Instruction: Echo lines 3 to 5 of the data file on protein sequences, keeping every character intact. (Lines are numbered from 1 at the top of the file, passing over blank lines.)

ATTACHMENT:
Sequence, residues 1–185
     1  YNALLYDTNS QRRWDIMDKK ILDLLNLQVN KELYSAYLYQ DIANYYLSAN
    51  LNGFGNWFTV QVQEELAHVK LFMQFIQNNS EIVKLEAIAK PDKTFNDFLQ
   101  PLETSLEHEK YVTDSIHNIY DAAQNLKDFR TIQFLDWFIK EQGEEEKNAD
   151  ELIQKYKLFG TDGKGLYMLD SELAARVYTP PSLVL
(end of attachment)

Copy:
    51  LNGFGNWFTV QVQEELAHVK LFMQFIQNNS EIVKLEAIAK PDKTFNDFLQ
   101  PLETSLEHEK YVTDSIHNIY DAAQNLKDFR TIQFLDWFIK EQGEEEKNAD
   151  ELIQKYKLFG TDGKGLYMLD SELAARVYTP PSLVL